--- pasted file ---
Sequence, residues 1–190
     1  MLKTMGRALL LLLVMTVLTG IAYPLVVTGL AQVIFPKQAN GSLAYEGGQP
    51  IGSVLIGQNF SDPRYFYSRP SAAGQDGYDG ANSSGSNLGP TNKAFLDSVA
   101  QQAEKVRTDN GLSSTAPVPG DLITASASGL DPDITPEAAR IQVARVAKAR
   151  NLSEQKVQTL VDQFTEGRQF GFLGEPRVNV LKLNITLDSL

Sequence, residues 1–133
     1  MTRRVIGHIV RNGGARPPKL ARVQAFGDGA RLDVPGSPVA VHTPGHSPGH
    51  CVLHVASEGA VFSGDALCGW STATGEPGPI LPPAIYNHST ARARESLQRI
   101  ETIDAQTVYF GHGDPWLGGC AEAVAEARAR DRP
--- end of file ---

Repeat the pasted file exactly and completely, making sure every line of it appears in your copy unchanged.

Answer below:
Sequence, residues 1–190
     1  MLKTMGRALL LLLVMTVLTG IAYPLVVTGL AQVIFPKQAN GSLAYEGGQP
    51  IGSVLIGQNF SDPRYFYSRP SAAGQDGYDG ANSSGSNLGP TNKAFLDSVA
   101  QQAEKVRTDN GLSSTAPVPG DLITASASGL DPDITPEAAR IQVARVAKAR
   151  NLSEQKVQTL VDQFTEGRQF GFLGEPRVNV LKLNITLDSL

Sequence, residues 1–133
     1  MTRRVIGHIV RNGGARPPKL ARVQAFGDGA RLDVPGSPVA VHTPGHSPGH
    51  CVLHVASEGA VFSGDALCGW STATGEPGPI LPPAIYNHST ARARESLQRI
   101  ETIDAQTVYF GHGDPWLGGC AEAVAEARAR DRP